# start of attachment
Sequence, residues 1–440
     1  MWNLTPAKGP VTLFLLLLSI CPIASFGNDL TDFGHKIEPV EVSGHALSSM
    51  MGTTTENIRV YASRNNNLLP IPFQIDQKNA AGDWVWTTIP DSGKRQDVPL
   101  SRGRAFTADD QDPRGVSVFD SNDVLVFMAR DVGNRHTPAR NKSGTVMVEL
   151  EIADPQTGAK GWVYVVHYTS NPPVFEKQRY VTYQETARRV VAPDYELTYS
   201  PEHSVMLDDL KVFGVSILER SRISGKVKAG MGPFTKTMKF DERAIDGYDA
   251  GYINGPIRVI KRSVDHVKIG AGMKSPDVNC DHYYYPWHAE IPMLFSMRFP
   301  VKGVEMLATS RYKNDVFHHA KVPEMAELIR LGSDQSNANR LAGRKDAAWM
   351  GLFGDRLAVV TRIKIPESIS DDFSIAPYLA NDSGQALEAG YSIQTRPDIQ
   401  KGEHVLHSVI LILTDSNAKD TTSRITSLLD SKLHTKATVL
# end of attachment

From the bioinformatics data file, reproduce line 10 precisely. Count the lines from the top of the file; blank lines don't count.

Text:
   401  KGEHVLHSVI LILTDSNAKD TTSRITSLLD SKLHTKATVL